Rating Atherosclerotic Disease Change by Imaging With a New CETP Inhibitor - RADIANCE 1 – Presented at ACC 2007
The goal of the trial was to evaluate the effect of treatment with torcetrapib, a cholesteryl ester transfer protein (CETP) inhibitor, in addition to atorvastatin compared with atorvastatin alone on disease progression among patients with heterozygous familial hypercholesterolemia.
Patients Enrolled: 904
Mean Follow Up: 24 months
Mean Patient Age: Mean age, 46 years
Heterozygous familial hypercholesterolemia and eligible for statin treatment, as per NCEP Adult Treatment Panel III
Annualized rate of change in maximum IMT for 12 carotid segments
Maximum CIMT for each site; mean CIMT common carotid
Following a 6- to 14-week run-in phase in which all patients were treated with atorvastatin titrated to achieve National Cholesterol Education Program (NCEP) recommended low-density lipoprotein (LDL) levels, patients were randomized in a double-blind manner to treatment with torcetrapib (60 mg; n = 450) in addition to atorvastatin compared with atorvastatin alone with matching placebo (n = 454). Carotid ultrasound was performed at randomization and every 6 months for 24 months.
Baseline lipid means were high-density lipoprotein (HDL) of 52 mg/dl, LDL of 138 mg/dl, total cholesterol of 213 mg/dl, and triglycerides of 97 mg/dl. Average dose of atorvastatin used in the study was 56.5 mg.
At study end, HDL cholesterol was significantly increased from baseline in the torcetrapib group to 81.5 mg/dl, but stayed at 52 mg/dl in the atorvastatin monotherapy group (p < 0.001 for between-group comparison). Likewise, LDL reductions were greater with torcetrapib than atorvastatin monotherapy (final LDL 115.1 mg/dl vs. 143.2 mg/dl, p < 0.001). All other final lipid parameters also favored the torcetrapib group.
There was no difference in the primary endpoint of annualized rate of change in maximum carotid intima-media thickness (CIMT) for 12 carotid segments between treatment groups (0.0053 mm/year for the torcetrapib group vs. 0.0047 mm/year for atorvastatin monotherapy, p = 0.87). Change in maximum CIMT for each of the four common carotid-artery sites showed progression in the torcetrapib group and regression in the atorvastatin monotherapy group (0.0040 mm/year vs. -0.0042 mm/year, p = 0.02 between groups), as did change in mean CIMT for each of the four common carotid artery sites (0.0038 mm/year vs. -0.0014 mm/year, p = 0.005 between groups).
Serious adverse events occurred more frequently in the torcetrapib group (12.4% vs. 8.6%), as did serious cardiovascular events (5.3% vs. 2.4%). Final systolic blood pressure was 2.8 mm Hg higher in the torcetrapib group than the atorvastatin monotherapy group (121.7 mm Hg vs. 119.0 mm Hg).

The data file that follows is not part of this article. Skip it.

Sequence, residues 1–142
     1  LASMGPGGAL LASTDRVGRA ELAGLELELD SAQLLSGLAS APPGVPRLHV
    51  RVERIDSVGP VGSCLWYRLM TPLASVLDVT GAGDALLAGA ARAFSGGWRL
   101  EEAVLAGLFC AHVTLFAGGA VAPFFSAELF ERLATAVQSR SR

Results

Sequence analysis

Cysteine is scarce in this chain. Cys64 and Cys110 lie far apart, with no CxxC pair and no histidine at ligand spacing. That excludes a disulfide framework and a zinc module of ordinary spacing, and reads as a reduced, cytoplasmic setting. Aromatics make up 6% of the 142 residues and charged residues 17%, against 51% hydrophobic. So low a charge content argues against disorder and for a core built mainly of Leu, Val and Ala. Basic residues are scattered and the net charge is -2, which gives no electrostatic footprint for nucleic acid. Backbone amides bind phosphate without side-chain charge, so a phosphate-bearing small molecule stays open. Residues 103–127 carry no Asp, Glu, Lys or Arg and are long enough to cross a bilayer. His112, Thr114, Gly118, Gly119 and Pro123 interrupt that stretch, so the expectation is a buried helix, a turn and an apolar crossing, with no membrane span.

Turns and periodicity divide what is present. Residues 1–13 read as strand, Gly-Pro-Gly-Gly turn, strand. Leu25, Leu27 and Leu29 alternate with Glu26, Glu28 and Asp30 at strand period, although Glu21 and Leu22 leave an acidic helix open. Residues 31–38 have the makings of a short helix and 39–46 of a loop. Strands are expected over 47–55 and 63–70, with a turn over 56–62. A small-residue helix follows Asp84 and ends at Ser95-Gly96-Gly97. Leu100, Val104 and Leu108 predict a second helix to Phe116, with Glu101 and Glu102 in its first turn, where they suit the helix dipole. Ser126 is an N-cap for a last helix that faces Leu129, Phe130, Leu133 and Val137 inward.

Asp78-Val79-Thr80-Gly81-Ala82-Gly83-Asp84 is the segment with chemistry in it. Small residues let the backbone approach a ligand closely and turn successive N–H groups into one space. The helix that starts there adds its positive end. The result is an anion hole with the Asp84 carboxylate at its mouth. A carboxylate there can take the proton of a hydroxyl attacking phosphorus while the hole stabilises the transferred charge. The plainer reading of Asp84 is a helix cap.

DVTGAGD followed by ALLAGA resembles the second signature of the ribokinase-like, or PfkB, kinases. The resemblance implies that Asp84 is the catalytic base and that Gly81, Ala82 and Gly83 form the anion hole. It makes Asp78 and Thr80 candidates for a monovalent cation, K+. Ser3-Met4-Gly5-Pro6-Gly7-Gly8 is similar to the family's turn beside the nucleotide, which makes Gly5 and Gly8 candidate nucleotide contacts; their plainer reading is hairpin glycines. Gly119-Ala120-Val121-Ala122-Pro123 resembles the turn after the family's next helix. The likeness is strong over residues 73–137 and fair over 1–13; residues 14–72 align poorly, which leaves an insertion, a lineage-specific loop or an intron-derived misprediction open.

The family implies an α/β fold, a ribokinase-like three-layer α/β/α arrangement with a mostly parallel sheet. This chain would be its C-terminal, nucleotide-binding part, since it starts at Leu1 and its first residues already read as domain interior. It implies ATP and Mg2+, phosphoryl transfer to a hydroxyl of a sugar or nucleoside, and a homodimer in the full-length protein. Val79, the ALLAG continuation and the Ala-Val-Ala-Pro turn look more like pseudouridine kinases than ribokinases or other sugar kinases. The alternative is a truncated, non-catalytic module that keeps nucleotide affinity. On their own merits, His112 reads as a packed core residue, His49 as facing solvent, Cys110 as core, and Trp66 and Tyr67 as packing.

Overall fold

Among patients with heterozygous familial hypercholesterolemia, treatment with the CETP inhibitor torcetrapib in addition to atorvastatin was not associated with a reduction in disease progression or regression compared with atorvastatin alone through 2 years of treatment.
Despite a marked increase in HDL cholesterol and reduction in LDL cholesterol during the study, torcetrapib was not associated with regression of atherosclerotic disease and was actually shown to have worsening disease progression compared with atorvastatin monotherapy for the secondary endpoints of maximum CIMT and mean CIMT in the common carotid. These findings add to the growing body of pathophysiologic information surrounding torcetrapib. However, none of the data presented so far provide a clear-cut explanation for the increase in mortality that was reported in the large outcomes trial with torcetrapib. Full results of the outcomes trial are not yet available. As with other trials of torcetrapib, blood pressure was increased in the present study with torcetrapib.
Kastelein JJ, van Leuven SI, Burgess L, et al. Effect of Torcetrapib on Carotid Atherosclerosis in Familial Hypercholesterolemia. N Engl J Med 2007;356:356:1620-1630.
Presented by Dr. John J. Kastelein at the American College of Cardiology Annual Scientific Session, New Orleans, LA, March 2007.
Clinical Topics: Diabetes and Cardiometabolic Disease, Dyslipidemia, Noninvasive Imaging, Homozygous Familial Hypercholesterolemia, Lipid Metabolism, Nonstatins, Novel Agents, Primary Hyperlipidemia, Statins, Echocardiography/Ultrasound
Keywords: Carotid Intima-Media Thickness, Cholesterol, LDL, Hyperlipoproteinemia Type II, Hydroxymethylglutaryl-CoA Reductase Inhibitors, Quinolines, Blood Pressure, Heptanoic Acids, Hypercholesterolemia, Pyrroles, Carotid Artery, Common, Cholesterol Ester Transfer Proteins, Cholesterol, HDL, Triglycerides, Disease Progression
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